Secondly, working a retired dog would be confusing not only to the retired dog, but to the new dog, if there is one present. Dogs are social creatures and they sort out social roles the same way people do. I am not suggesting they have governments and/or monarchs, but giving them a job and then retiring them gives them a specific purpose and role to fill. I remember the first couple of times I put Glacier's harness on in front of Jetta, she tried to get between me and the big yellow guy. Even when I started putting the harness on him without her seeing, she would try to be in front of him and by my left side when we went out for walks. Now of course not all working/retired dogs react this way, but is it really fair to put that kind of stress on a new working relationship or that kind of stress on a retired dog who is supposed to finally able to be a dog?
My last point may be a bit more touchy, so again I apologise, but this is just how I feel. I have never been comfortable with the concept of "self trained" service dogs. There are a few things that I find problematic with this concept. These dogs' training is not regulated. Some people may be fantastic dog trainers and may produce great working dogs, but there is no system in place to weed out the self trained dogs that should not be out on the streets. Having access to the public with a service dog is a privelege, not a right and if there are misbehaving dogs, then all service dog users will suffer for it. (This does apply to misbehaving dogs that are certified froma school too, but most schools are heavily regulated and dogs are triple checked before they leave the facility and even when they are out in a working team). Who holds the self trained dog trainers accountible?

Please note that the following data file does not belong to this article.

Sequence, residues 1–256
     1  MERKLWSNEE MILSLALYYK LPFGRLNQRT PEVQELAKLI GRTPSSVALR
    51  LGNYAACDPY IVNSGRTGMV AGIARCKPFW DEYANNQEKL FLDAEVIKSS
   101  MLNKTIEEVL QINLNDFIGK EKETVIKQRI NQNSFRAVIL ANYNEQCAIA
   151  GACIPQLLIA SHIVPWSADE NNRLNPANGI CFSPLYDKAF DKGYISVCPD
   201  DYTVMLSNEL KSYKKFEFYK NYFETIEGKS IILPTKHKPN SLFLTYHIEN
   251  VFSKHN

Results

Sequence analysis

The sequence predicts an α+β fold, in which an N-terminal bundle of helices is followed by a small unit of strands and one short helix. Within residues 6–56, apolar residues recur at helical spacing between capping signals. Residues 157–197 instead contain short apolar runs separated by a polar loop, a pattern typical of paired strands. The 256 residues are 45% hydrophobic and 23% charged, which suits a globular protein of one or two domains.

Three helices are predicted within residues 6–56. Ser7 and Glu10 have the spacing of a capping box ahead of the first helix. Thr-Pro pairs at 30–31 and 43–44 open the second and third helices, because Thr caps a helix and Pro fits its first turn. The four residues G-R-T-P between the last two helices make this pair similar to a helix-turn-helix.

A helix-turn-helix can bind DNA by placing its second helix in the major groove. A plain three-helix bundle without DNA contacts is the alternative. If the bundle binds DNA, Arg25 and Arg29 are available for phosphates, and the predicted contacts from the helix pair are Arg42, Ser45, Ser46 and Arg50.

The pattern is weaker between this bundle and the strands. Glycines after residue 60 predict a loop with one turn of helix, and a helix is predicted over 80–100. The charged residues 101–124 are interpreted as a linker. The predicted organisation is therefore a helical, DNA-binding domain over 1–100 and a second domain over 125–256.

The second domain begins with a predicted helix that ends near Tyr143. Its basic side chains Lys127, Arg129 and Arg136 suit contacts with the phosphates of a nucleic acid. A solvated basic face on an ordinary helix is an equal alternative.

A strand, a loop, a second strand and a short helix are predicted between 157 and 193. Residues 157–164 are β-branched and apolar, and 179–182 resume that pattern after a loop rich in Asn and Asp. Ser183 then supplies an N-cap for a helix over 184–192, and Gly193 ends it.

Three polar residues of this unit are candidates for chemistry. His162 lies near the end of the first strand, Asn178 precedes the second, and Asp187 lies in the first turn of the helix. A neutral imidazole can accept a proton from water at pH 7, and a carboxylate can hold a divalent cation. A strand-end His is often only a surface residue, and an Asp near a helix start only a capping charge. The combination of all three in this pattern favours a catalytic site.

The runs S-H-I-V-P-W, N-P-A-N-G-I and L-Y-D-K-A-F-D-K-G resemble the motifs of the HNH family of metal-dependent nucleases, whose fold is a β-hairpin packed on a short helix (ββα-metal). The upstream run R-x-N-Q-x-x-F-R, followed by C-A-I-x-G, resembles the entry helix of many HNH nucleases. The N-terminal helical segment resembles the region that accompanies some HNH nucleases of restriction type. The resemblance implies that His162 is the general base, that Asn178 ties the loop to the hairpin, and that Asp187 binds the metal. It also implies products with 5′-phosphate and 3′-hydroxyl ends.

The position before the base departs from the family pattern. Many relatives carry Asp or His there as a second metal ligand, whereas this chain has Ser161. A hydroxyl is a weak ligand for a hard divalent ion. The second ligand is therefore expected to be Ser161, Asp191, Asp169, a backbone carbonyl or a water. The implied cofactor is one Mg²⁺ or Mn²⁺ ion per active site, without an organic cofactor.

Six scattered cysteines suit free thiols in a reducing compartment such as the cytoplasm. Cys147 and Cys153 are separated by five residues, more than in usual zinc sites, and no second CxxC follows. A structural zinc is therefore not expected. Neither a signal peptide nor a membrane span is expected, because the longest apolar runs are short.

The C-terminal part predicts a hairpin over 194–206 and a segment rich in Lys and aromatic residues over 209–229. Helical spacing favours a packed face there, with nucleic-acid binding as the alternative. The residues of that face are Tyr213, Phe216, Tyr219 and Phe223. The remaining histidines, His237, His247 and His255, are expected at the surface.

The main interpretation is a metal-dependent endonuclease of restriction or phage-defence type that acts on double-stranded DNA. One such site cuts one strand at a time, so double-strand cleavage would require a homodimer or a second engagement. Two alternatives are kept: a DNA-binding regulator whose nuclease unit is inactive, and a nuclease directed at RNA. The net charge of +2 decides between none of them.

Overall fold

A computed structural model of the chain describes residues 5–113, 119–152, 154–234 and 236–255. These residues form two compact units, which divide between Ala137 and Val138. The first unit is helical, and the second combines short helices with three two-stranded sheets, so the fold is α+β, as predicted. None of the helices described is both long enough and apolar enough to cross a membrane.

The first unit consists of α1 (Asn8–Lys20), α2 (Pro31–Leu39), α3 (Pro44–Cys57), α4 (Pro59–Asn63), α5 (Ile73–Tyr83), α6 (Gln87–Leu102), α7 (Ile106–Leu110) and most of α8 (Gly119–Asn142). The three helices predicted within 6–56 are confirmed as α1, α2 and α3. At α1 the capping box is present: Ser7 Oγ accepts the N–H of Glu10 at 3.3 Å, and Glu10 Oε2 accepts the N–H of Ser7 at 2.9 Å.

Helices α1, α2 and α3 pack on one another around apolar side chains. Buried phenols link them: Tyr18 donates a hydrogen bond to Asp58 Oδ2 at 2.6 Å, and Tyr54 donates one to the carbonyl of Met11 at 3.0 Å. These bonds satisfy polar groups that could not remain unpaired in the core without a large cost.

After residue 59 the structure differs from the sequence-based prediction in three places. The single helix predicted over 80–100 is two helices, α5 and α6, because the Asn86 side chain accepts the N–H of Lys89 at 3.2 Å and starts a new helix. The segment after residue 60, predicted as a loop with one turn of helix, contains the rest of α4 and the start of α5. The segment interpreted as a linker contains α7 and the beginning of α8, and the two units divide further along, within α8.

I'm also not comfortable with this because of some people abusing the service dog title. There have been quite a few cases documented where dogs were self trained and the owner/handler believed that the dog had the right to have public access. The problem is, people use such things for their pets just to be able to take them with them. There was a woman at my university who said that her dog was a service dog, when really it was a pet. She told me that she just wanted to bring her to work. She even had a special coat made for the dog. That makes me very angry. Her dog tinkled in the hallway and people started taking issue with Jetta being on campus. There was also another woman who got on toa train with a dog who supposedly self trained as a guide dog. Now I am the first one to say that you can never know just ow much someone sees, but this woman definitely was not blind. If she was low vision, she was barely. She never once gave her dog a command and lead it around by the leash all of the time-even on the busy train platform . The dog was horribly behaved and the conductor was concerned, but didn't know how to approach the situation.
So, I guess really, I had two issues burning up my brain tonight. Self trained dogs make me uncomfortable and re-using retired service dogs makes me particularly annoyed. It wasn't easy for me to retire Jetta and I know many other dog handlers who had to go through the difficult process of career changing or retiring a dog. It's not easy, but it is done for a reason. As for self trained dogs-I know there are plenty of great self trained dogs working out there, but where is the accountability? Who keeps misbehaving dogs in line? If your dog comes from a certified school, then that is the job of the school-and if they are not doing that, then perhaps that school needs to be re-evaluated.